THIS will be the Covid-19 budget. More than building the future, the focus will be on how long to remain in the rescue phase and how to make various sectors and segments of society stand on their feet.

These are unusual times for the economy, which is projected to grow by negative 1.5 per cent, the worst in almost 70 years, mainly because of a severe contraction in the last quarter of 2019-20 in almost all sectors, except agriculture. Foundations will have to be built from scratch.

Also read: Budgeting in the time of Covid-19

Reform, restructuring and rightsizing appear to be the likely victims before the recovery phase sets in. As things stand now, demands for the next budget coming from various sectors of the economy and stakeholders suggest nobody is in the mood to contribute to the kitty. Everyone wants to be the recipient of public funds that are already scarce.

The budget preparations will also be unusual. As of now, schedules of budget-related engagements at various levels of government are uncertain. It is also unclear if all the statutory or constitutional manuals for the budget preparation can be followed.

Usually by this time, the budgetary processes are halfway through and the timelines for mandatory meetings of centre-provincial decision-making forums finalised. But the routine priority committee meetings to finalise the development programme are not in sight. Ministries, divisions and agencies have been asked tersely to limit their demands for grants and funds to projects already approved and those responsive to Covid-19.

Ministries, divisions and agencies have been asked tersely to limit their fund demands to already approved projects

The budget makers have given an indicative ceiling of about Rs600 billion to various ministries, divisions and agencies for next year’s development budget, including Rs70-80bn for Covid-19–related schemes. This is almost 15pc lower than the current year’s budget allocation of Rs701bn and in line with the Rs586bn expenditure ceiling indicated by the International Monetary Fund (IMF).

The IMF has already hinted at curtailing the current year’s development budget to Rs488bn (against Rs701bn) and provincial development spending to Rs461bn against the initial allocation of Rs912bn. The IMF anticipates the provincial development ceiling for the next year at Rs694bn. On the basis of these, the IMF expects the current year’s fiscal deficit at 9.3pc of GDP and that of next year at 6.6pc instead of pre–Covid-19 estimate of 5.8pc. With the low base of current year’s negative 1.5pc growth, the IMF expects GDP growth to rebound to 3pc.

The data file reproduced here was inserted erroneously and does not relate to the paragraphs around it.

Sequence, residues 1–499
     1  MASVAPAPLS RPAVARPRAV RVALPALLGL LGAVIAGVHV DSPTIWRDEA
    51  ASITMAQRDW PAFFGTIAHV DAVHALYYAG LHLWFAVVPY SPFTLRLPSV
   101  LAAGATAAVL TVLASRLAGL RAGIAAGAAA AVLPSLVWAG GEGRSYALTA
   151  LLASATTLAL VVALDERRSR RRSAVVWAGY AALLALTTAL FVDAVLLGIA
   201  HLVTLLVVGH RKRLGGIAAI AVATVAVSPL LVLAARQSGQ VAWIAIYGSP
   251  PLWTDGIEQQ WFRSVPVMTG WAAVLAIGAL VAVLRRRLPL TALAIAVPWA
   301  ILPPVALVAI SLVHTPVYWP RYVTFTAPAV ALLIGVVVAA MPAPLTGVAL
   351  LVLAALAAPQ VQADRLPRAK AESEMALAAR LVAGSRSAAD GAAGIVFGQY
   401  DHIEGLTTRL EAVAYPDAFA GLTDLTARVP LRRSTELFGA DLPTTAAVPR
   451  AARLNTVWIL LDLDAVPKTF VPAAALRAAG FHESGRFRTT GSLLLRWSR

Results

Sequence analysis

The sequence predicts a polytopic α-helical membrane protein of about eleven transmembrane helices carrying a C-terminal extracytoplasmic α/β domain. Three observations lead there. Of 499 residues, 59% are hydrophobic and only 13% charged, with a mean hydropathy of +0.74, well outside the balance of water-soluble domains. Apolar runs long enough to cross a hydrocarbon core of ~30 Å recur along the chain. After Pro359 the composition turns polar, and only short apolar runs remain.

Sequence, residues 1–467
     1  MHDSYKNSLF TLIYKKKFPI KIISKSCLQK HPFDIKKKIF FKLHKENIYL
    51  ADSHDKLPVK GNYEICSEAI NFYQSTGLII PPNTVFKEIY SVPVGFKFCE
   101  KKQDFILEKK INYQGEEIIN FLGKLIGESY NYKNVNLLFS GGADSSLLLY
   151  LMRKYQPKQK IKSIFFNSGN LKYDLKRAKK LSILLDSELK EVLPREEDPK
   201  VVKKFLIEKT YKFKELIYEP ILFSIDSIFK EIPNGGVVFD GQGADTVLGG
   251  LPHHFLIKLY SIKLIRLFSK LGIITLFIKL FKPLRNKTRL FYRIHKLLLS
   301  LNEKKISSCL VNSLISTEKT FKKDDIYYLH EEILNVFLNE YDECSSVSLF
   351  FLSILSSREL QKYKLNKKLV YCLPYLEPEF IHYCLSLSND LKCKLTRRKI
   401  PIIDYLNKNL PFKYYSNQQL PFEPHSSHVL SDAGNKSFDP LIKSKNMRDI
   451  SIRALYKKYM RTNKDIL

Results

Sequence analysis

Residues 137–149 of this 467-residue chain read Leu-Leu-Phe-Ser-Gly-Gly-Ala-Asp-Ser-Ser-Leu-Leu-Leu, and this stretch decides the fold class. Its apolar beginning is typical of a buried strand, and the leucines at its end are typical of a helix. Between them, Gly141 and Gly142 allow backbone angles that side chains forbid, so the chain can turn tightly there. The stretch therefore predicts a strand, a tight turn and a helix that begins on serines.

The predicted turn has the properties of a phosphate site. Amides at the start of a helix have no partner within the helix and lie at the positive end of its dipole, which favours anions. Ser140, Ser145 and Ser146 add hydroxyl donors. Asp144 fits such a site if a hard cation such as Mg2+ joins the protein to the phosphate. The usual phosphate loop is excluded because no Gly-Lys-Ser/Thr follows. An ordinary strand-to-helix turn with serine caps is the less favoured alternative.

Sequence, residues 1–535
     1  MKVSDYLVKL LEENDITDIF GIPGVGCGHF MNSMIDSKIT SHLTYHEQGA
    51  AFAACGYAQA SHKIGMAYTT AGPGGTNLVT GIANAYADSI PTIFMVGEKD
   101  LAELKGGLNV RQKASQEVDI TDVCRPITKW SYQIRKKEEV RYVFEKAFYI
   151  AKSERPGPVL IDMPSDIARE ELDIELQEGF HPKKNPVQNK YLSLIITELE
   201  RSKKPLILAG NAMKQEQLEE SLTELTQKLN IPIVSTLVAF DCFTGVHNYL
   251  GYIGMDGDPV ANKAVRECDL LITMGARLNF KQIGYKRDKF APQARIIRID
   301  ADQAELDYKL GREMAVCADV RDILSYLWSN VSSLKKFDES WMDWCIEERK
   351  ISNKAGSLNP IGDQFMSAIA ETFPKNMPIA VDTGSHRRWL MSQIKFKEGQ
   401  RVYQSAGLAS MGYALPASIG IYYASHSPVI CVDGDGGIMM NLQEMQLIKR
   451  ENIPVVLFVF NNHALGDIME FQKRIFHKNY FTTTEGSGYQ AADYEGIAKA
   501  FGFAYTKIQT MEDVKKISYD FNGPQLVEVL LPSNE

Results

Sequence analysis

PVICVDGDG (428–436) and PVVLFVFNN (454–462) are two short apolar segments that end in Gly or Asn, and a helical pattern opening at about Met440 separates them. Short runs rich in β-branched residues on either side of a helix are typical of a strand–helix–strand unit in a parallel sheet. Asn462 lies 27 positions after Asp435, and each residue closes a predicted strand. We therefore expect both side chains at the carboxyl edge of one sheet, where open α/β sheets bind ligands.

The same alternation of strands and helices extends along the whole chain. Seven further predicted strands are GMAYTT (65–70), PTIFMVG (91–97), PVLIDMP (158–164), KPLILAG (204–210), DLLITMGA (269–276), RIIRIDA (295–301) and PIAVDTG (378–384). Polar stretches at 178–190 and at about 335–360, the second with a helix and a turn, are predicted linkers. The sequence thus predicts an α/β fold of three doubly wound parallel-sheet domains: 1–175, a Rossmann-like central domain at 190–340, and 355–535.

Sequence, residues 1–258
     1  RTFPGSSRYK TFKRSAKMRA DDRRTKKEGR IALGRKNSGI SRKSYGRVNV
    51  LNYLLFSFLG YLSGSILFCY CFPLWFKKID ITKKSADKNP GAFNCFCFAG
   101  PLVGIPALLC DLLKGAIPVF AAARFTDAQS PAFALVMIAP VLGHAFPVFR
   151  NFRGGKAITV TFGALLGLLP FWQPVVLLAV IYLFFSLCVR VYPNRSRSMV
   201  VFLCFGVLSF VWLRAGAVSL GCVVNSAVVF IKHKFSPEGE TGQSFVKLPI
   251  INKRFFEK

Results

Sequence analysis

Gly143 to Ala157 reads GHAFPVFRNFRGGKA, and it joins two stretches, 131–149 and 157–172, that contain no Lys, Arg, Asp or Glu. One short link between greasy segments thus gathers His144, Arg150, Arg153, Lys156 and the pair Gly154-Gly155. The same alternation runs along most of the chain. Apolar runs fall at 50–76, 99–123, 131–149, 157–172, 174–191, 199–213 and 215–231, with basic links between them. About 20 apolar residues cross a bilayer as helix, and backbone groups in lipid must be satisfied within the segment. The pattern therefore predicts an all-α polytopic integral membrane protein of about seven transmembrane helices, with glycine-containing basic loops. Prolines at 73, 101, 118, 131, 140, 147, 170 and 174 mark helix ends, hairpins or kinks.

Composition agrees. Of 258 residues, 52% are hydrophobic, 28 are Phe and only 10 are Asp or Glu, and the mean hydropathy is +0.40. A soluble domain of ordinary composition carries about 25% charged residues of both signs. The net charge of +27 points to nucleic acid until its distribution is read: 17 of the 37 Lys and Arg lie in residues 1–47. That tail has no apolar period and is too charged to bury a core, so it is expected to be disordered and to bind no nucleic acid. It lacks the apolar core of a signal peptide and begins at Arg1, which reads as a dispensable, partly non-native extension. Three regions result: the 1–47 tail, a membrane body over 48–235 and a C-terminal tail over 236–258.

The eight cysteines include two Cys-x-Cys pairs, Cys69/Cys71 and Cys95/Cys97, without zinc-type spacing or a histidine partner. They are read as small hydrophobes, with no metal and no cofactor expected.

It is still unclear if the centre will be able to hold a formal huddle for the Annual Plan Coordination Committee (APCC) to put together the development strategy for the centre and the provinces for 2020-21. So there is a likelihood that development plans will be directly taken to the National Economic Council (NEC) soon after Eidul Fitr. Even this highest economic decision-making body may meet virtually.

No wonder then the federal and provincial governments will need to think differently. The recent discussions about undoing the 18th constitutional amendment, therefore, are unfortunate and so is the untimely debate about redrawing the National Finance Commission (NFC) award. Such a political discourse only deters the cooperative financial engagement needed to jointly absorb the unprecedented economic shock.

What is clear at this stage is that the 7th NFC award notified in 2010 for five years is completing its fifth extension. There is no option other than continuing it for another year. There are certain areas where the centre can pass on some of its undue expenditures to the provinces in line with provincial responsibilities. But then the provinces are more than compensating the centre by offering sizable cash surpluses out of their guaranteed shares. For example, so far in the first nine months of the current fiscal year, the provinces have jointly provided a Rs344bn budget surplus to the centre as opposed to Rs292bn last year.

The announcement of the federal budget is being targeted for the first week of June. Based on various assessments, the government estimates GDP growth to stay between -1.5pc and 1.5pc and large-scale manufacturing going down by 4.3pc over a 2.06pc decline in 2018-19. It expects the revenue collection to be around Rs3.9 trillion — almost Rs1.64tr or 4pc of GDP short of the target.

The government also estimates the fiscal deficit at 9.4pc of GDP, current account deficit at $4.5bn and exports at $21bn, imports at $40bn and remittances and foreign investment at $20bn and $2.5bn, respectively, for the current year. It expects the urban economy to contract by 30-40pc.

The Economic Affairs Ministry has concluded Pakistan’s debt will witness a significant increase. The public debt is assessed to be sustainable, but risks have increased substantially, the ministry believes.

It foresaw that owing to the contraction in economic growth and fall in workers’ remittances, unemployment will increase and so will poverty. Currently, 24.3pc of the population is living below the poverty line, according to official estimates. “It would continue to put pressure for increased social safety spending in the near future even after combating the pandemic successful.”

Published in Dawn, The Business and Finance Weekly, May 11th , 2020

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